"Everybody laughed off what we were trying to do in creating a video recorder. You can't imagine the amount of snickering that went on in that late 1952 period when we were trying to build our first video tape recorder. Let's say we'd go into the lunch room or the coffee room to get a cup of coffee, and the other engineers would say, 'he's still working on that stuff? It's never gonna work.'"
About This Interview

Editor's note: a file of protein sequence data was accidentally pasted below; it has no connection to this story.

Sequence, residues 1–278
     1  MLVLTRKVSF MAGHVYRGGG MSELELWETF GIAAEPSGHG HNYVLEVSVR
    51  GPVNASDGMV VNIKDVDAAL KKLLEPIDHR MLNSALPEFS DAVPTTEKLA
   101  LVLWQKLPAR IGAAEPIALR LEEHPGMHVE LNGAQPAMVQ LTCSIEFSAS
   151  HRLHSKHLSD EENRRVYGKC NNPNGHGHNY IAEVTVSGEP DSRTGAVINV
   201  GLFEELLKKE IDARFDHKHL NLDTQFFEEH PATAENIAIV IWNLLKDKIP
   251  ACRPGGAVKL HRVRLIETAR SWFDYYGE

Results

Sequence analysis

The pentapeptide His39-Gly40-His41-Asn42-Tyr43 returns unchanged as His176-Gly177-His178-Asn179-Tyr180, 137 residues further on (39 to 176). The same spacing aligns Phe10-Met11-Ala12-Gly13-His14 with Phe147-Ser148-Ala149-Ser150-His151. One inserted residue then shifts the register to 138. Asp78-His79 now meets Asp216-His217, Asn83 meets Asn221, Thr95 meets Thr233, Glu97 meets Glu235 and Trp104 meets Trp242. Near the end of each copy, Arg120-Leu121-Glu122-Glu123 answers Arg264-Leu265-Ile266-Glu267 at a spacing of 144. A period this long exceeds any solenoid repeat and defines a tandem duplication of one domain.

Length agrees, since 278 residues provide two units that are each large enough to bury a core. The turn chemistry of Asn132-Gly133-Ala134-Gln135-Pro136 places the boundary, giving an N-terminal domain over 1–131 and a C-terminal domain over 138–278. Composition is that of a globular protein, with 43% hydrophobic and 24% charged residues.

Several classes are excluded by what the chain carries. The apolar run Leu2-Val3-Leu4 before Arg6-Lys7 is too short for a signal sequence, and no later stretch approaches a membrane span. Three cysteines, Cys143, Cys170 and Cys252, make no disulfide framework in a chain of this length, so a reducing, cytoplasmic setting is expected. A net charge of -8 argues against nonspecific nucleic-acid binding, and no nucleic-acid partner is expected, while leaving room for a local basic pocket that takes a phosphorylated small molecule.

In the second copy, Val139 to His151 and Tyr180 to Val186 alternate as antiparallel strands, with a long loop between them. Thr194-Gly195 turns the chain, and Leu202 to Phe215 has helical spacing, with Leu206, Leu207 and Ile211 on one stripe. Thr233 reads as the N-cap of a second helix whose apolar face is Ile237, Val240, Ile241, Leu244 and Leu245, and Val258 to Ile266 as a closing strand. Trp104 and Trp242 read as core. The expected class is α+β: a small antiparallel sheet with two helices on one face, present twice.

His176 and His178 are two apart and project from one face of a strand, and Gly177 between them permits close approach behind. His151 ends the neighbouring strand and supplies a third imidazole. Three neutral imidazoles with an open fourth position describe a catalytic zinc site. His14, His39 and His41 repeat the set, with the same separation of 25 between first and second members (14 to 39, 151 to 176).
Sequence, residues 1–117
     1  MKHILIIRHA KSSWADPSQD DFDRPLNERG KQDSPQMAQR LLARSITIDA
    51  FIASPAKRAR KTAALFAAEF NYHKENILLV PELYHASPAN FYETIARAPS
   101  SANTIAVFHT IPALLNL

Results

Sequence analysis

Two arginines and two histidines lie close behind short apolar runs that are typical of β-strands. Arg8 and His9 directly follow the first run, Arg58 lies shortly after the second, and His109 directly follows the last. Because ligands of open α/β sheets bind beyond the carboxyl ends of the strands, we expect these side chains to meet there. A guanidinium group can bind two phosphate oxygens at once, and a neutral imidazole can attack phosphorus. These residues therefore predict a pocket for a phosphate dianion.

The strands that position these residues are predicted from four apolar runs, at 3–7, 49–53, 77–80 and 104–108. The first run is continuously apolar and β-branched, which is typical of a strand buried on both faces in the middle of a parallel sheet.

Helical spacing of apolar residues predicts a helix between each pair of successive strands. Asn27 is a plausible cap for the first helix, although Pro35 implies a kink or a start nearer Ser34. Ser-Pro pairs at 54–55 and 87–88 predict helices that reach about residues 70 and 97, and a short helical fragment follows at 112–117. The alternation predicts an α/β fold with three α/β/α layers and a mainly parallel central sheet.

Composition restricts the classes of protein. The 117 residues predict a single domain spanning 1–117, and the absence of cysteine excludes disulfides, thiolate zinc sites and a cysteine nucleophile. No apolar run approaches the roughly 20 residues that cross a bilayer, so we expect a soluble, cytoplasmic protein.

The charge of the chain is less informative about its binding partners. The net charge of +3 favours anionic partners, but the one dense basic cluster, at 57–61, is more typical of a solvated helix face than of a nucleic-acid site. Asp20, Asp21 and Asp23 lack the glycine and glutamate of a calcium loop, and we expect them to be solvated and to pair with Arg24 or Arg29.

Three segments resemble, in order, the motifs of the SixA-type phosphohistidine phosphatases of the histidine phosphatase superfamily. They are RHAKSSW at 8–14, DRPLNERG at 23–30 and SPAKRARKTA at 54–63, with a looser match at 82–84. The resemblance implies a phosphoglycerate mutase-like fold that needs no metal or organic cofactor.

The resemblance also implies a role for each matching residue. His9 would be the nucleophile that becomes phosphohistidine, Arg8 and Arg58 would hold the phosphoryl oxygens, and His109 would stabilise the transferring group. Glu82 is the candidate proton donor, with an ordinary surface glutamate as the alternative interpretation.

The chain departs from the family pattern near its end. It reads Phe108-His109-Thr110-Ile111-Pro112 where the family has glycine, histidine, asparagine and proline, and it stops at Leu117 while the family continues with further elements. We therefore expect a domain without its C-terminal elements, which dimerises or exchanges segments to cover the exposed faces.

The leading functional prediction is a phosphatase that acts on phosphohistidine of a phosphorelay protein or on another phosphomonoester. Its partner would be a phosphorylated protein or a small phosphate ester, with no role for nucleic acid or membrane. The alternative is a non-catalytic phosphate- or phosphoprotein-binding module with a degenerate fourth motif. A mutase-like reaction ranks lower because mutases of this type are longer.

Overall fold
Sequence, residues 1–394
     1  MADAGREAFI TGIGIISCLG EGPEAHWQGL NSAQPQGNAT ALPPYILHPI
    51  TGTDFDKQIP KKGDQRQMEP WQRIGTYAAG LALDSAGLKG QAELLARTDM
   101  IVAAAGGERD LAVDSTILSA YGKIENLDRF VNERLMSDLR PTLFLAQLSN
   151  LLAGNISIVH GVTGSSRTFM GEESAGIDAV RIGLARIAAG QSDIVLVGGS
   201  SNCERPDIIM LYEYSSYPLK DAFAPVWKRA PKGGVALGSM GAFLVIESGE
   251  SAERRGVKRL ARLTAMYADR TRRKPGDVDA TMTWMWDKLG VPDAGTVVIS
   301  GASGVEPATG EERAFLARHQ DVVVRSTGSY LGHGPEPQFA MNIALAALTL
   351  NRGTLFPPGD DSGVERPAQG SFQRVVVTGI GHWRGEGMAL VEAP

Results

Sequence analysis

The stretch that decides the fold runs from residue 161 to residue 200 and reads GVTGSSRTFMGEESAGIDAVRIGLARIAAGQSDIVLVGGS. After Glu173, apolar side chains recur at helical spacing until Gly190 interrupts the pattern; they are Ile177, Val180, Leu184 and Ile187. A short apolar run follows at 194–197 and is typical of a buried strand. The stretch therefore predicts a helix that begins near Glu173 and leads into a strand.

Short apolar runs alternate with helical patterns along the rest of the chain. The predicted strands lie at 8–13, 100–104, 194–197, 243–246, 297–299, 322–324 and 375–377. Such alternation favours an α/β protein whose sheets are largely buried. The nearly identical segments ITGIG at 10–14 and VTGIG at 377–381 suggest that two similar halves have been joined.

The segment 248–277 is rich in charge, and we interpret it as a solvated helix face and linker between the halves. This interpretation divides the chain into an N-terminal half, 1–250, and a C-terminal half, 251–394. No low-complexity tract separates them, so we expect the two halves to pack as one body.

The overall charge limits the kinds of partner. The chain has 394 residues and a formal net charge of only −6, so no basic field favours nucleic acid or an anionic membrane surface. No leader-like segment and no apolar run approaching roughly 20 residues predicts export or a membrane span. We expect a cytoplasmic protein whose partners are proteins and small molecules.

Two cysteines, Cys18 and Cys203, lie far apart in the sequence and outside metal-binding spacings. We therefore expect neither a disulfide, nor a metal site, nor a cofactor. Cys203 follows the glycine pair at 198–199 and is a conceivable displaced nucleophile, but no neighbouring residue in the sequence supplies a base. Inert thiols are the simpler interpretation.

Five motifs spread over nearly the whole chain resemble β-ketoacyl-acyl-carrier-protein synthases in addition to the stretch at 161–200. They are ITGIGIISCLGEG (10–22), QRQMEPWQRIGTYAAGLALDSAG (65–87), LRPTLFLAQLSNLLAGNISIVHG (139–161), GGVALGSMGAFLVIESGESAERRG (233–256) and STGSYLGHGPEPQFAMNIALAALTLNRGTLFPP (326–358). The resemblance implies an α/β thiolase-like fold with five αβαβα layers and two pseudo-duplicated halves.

In his three-and-a-half hour Archive Interview, Ray Dolby (1933-2013) discusses his early interests in technology and music. He describes tinkering with tape recorders and starting to work at Ampex while still in high school (even getting national security clearance at age eighteen to work on classified projects). He talks of his main projects at Ampex, including developing an all electronic system for synchronizing sound, which resulted in his first patent. Dolby then discusses his work on the first video tape recorder, alongside fellow engineers Charles Ginsburg and Alexander M. Poniatoff. He chronicles creating a pulse FM system for modulating the signal going to video tape, and outlines the developments that made the recording system viable. He talks about creating Dolby Laboratories and developing his revolutionary noise reduction system. Dolby recalls the initial doubts from the sound industry about the usability of his system, explains how he adapted Dolby noise reduction for movie theaters, and recounts the reluctance of theater owners to use it. He speaks of the challenges of building his company and hiring the right people, talks of what it's like to be a household name, and shares how he'd like to be remembered. Karen Herman conducted the interview on March 26, 2007 in San Francisco, CA.